We will continue to grow this upward trend and increase efforts to support neighbors through purchasing local goods and services whenever possible.  You can help by stopping for gas, food, lodging, and supplies in the communities surrounding the Reserve. Join us in making the case for conservation by increasing the economic impact of the prairie.


Stop the Car!

A visitor story from Victoria Weston

Retirement makes you think about what’s important, and for me, supporting American Prairie Reserve hits the top of my list.  As a young girl, I listened to the Lone Ranger on the radio and became fascinated by the American West. After purchasing a home in Bozeman, I wanted to share my Montana experience with my sister Liz and invited her out for a visit in 2007.

The notion of an organization rekindling the spirit of the “great American Prairie” was so enthralling that I couldn’t resist a visit. As we navigated the rough washboard roads leading into American Prairie Reserve, Liz suddenly yelled, “Stop the car! There are baby foxes along the road.” We parked and turned off the engine, watching the kits peek out at us from a grassy ditch.  We were so taken by them we stayed for 30 minutes until they were brave enough to hop out of the ditch and run home.

A life altering experience... »
 As we continued down the road, the incredible scale of the Reserve became apparent.  Stopping at the Prairie Union Schoolhouse, we wandered in and imagined what the students’ lives might have been like. As the day went on, we drove through prairie dog towns, stopped at small streams, and were captured by how the topography had been shaped by ice-age glaciers.  By late afternoon, we decided to hit pavement and head for home, navigating by the sun (like pioneers!) to find our way west.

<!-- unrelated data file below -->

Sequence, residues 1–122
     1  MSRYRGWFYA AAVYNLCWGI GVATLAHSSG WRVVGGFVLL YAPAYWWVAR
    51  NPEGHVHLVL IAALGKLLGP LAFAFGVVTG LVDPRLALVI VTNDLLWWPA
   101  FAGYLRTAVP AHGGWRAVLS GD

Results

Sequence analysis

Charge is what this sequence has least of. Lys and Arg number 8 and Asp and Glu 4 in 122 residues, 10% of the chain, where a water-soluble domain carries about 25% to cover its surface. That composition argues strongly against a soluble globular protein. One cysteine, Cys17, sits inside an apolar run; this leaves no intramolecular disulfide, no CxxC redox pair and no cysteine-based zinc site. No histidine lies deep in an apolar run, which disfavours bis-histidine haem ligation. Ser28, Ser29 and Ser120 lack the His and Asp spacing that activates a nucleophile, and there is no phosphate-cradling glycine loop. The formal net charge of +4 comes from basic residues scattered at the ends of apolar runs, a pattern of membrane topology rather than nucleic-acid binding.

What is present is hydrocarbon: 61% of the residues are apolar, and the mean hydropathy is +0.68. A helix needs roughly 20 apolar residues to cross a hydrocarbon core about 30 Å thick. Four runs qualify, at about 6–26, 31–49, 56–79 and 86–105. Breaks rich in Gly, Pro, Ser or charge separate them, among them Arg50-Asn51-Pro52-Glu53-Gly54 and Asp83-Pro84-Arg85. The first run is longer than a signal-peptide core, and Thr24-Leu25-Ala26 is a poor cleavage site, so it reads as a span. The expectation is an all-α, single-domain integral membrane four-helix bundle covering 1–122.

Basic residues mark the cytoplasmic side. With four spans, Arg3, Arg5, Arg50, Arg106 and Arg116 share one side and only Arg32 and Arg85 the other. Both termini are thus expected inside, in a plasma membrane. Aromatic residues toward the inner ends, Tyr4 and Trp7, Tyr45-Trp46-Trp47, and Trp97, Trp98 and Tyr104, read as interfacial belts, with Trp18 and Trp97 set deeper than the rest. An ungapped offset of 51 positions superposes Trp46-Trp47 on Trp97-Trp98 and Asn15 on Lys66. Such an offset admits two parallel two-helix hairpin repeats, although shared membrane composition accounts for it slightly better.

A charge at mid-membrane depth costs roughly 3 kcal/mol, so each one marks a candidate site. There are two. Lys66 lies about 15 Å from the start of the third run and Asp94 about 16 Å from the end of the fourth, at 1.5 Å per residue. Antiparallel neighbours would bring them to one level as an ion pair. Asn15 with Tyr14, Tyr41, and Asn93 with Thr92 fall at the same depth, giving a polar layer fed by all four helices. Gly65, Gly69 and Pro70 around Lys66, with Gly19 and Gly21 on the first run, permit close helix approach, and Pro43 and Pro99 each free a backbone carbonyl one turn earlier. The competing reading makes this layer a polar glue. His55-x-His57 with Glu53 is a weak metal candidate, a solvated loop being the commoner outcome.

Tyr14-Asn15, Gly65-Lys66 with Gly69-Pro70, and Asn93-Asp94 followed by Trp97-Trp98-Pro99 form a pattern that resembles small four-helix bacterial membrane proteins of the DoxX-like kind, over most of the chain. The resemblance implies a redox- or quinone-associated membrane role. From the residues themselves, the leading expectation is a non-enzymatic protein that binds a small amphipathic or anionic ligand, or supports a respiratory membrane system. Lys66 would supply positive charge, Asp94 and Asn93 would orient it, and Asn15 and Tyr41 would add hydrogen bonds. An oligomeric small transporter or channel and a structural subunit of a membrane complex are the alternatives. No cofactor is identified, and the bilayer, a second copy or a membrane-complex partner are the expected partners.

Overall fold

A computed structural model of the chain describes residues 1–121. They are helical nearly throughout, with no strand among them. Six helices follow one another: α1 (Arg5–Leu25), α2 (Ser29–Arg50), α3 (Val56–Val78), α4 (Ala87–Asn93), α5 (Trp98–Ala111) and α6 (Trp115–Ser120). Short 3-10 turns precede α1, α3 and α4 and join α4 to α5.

Our time on APR was more than a road-trip. It was a life altering experience that left me with total appreciation for the project. The Reserve has grown a great deal since 2007 – new land acquisitions have broadened its horizons and directional signs point the way down winding roads. I’m honored to be a part of this project and look forward to contributing and volunteering with American Prairie Reserve in the years ahead.